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Syria And The New Middle East45:54


Jacki Lyden in for Tom Ashbrook

Syria’s uprising may be going from slow burn to full on civil war. The latest news on that story, and what it means, big picture, for the U.S.


The Syrian conflict has been going on for eight months with no end in sight. Only last spring, U.S. policy makers viewed Bashar Al-Assad as a reformer--a perception that quickly changed as tanks rolled into Syrian cities.

Now, the Arab League itself has suspended Syria for bloody repression against its own citizens. Syria dwarfs Libya as a geopolitical concern but the U.S. and NATO are not talking about intervention. At least not yet. And if Syria’s leaders fall, where does that leave its shadowy supporter: Iran?

This hour On Point: the Syrian problem and U.S. strategy.
-Jacki Lyden


Nada Bakri, reporter for the New York Times.

Robin Wright,  a journalist, author and foreign policy analyst.

Karim Sadjadpour, an associate at the Carnegie Endowment.


The conflict in Syria is growing in intensity, even as the nature and role of the opposition forces is unclear. In a country riven with sectarian divisions, there are numerous factions vying for power inside Syria.

What has become clear, however, is a likely outcome. “There is a general sense in the United States and analysts in the region that president Bashar Al-Assad cannot survive this crisis politically, but he can string it out in a way that thousands more people will die in the months ahead,” said Robin Wright, a journalist, author and foreign policy analyst.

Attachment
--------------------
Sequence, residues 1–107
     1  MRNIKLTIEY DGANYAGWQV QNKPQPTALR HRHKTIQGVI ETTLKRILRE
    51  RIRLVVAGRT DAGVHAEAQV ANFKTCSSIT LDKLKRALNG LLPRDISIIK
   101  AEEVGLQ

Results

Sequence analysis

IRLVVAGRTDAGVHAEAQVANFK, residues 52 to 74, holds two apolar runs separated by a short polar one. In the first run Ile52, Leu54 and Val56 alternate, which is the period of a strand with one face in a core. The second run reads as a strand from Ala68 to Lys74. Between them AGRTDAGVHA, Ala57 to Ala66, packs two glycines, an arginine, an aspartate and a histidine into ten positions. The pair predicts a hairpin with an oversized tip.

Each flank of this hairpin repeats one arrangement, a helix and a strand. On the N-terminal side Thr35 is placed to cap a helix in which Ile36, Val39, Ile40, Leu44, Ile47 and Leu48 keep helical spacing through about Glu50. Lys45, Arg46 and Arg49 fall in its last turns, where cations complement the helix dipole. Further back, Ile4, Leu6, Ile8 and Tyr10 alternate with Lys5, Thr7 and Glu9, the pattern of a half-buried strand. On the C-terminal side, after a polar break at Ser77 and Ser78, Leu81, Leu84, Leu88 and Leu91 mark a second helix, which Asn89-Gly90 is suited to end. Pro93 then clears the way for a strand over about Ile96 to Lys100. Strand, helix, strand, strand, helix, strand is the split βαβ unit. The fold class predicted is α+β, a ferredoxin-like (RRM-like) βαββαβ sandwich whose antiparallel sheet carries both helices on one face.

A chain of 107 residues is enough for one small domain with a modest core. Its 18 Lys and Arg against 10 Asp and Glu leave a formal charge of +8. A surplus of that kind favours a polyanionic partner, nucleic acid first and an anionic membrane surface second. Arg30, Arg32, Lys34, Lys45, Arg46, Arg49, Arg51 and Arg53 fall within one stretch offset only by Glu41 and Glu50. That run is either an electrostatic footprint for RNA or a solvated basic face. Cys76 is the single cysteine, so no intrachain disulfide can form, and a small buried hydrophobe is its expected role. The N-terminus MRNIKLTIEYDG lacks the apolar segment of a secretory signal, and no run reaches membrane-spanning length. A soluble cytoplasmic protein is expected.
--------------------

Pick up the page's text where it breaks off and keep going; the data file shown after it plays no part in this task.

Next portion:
For the United States, the issue of Syria is closely tied with its most powerful backer, Iran.

“The Assad regime in Syria is not only Iran’s most important ally in the Middle East, you could argue that on a global level, it has been an absolutely critical relationship for the Islamic Republic,” said Karim Sadjadpour, an associate at the Carnegie Endowment for International Peace. Iran is “doing everything that it can to make sure that the Assad regime does not fall, offering them financial credits, subsidized oil,…to offering strategic and tactical advice on how to quell the uprising.”

But the regime, Syria might be beyond saving. “It has reached such a point in Syria, where I think that the Iranian government has been forced to contemplate the collapse of the Assad regime,” said Sadjadpour. He pointed to news reports of Iranian officials actually meeting with elements of the Syrian opposition in recent weeks.

Meanwhile, the attacks in recent weeks inside of Syria are growing in number. “The nature of them is so brazen recently and so courageous,” said Nada Bakri, reporter for the New York Times. However, Bakri added, the reporting of attacks has been incomplete: it is often unclear which factions are behind which attacks.

From The Reading List

Foreign Policy "In the early morning hours of Nov. 16, Syrian army defectors staged a daring raid on an Air Force Intelligence Directorate complex on the northern edge of Damascus. Employing heavy weapons and machine guns, the attack not only shook the Syrian capital, it struck at the heart of the regime — the air force was former President Hafez al-Assad's base of support when he seized control of the Syrian state in 1970 — and during the current unrest its intelligence services have been used to squelch dissent within the armed services.

Tehran Times "Syrian government has decided to boycott an Arab League meeting due to be held in the Moroccan capital, Rabat, a Syrian foreign ministry official says. "

Reuters "Growing Syrian army defections do not yet pose a mortal threat to President Bashar al-Assad, but outside support could turn the dissidents into a national insurgency able to harass and exhaust his military."

This program aired on November 21, 2011.

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